Known as “Nghah Lou Dawr culture,” the tradition is all about opening shops but without the presence of the shopkeepers.(Twitter/@MyHomeIndia)
Known as “Nghah Lou Dawr culture,” the tradition is all about opening shops but without the presence of the shopkeepers.(Twitter/@MyHomeIndia)

Mizoram has shops without shopkeepers, it’s all about keeping faith in humanity

“These shops work on principle of trust” as people can take whatever they want and keep money in the box.
Hindustan Times, New Delhi | By Trisha Sengupta
PUBLISHED ON JUN 19, 2020 09:51 PM IST

Along the highway of Seling, in the forest-clad state of Mizoram, there are many shops without shopkeepers not just offering items to sell but also a very valuable lesson to anyone willing to learn. Just a few hours away from the state capital Aizawl lies the town Seling where a local community practices a unique and amazing tradition. Known as “Nghah Lou Dawr culture,” the tradition is all about opening shops but without the presence of the shopkeepers.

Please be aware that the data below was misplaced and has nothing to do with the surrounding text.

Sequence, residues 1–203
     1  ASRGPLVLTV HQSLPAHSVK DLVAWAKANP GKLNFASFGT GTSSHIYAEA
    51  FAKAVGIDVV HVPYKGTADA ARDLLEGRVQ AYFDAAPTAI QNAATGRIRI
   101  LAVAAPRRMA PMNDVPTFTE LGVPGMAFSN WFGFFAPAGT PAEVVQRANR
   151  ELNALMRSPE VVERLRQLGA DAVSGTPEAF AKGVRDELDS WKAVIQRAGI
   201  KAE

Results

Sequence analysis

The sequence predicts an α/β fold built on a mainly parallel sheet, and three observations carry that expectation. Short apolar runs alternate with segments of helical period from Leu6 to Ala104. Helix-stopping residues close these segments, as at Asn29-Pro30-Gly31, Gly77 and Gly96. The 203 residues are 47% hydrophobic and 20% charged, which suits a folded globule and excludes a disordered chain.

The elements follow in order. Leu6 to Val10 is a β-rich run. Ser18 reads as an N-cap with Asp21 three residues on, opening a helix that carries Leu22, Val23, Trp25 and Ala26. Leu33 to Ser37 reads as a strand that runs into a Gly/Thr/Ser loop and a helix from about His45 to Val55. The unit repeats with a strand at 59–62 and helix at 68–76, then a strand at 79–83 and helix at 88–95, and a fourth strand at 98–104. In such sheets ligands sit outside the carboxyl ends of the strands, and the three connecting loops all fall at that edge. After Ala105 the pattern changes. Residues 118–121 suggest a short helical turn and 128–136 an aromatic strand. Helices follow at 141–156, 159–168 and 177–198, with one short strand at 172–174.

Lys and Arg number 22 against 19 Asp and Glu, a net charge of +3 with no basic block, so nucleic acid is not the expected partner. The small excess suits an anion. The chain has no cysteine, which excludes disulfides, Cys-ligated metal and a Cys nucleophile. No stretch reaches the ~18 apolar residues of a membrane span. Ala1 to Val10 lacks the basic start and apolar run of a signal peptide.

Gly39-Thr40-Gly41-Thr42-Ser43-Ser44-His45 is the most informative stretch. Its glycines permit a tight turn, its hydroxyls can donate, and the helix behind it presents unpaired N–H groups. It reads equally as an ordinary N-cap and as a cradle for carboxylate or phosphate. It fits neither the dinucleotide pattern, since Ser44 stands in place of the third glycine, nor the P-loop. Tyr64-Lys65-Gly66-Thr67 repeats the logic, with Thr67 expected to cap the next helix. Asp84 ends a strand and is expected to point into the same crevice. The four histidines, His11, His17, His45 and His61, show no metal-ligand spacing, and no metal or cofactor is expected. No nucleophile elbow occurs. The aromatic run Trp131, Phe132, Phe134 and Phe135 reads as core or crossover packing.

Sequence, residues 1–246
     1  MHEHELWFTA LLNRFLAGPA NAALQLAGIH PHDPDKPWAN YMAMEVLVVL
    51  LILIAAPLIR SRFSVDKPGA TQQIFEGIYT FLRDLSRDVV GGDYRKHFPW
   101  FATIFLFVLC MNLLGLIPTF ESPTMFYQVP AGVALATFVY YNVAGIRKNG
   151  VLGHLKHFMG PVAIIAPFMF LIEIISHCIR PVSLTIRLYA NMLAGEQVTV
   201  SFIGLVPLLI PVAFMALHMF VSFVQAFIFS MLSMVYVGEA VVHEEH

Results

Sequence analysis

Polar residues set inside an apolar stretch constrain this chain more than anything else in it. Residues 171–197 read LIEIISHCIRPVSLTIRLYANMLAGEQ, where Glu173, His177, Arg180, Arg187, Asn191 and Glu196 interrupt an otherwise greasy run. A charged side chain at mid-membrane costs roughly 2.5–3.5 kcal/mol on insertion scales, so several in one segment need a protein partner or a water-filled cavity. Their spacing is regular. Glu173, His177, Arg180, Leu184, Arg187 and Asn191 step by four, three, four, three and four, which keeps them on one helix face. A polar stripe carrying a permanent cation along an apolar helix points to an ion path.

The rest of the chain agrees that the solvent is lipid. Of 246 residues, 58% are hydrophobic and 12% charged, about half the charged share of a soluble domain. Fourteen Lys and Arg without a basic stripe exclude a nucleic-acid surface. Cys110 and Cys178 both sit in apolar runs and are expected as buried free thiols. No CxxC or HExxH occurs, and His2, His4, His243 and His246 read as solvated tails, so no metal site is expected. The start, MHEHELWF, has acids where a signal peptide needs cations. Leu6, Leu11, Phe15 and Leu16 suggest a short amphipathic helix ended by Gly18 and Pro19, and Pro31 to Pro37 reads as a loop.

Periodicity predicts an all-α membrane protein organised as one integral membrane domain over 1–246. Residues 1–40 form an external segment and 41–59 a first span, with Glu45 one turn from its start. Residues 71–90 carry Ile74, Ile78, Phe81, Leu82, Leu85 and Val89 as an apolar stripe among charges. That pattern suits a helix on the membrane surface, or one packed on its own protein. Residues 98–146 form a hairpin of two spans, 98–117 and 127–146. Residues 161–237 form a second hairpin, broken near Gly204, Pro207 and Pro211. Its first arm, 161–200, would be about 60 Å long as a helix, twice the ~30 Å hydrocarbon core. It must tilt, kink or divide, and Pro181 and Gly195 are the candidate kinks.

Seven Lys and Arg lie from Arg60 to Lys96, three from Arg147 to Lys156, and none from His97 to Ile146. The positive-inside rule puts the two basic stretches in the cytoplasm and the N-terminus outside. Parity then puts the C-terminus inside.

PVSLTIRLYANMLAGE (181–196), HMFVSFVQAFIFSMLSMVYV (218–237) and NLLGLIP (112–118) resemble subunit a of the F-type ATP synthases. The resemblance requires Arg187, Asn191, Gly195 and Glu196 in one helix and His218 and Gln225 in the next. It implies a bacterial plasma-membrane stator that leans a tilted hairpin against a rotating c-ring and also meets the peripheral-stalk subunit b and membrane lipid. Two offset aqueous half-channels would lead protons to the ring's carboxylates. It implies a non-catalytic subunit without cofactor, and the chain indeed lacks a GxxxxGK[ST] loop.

Every now and then, images and videos of this beautiful practice make their way onto social media. The recent one is tweeted by an NGO named My Home India. They wrote that the shopkeepers open their shops and keep a money deposit box in their store. “These shops work on principle of trust” as people can take whatever they want and keep money in the box.

They also shared an image along with the tweet:

People shared various appreciative comments on the post and chances are you’ll agree with most.

“Really proud to be an Indian,” wrote a Twitter user. “Bahut badiya,” expressed another. “Love these people,” wrote a third. “It’s all about trust,” tweeted a fourth.

What do you think of this amazing culture?

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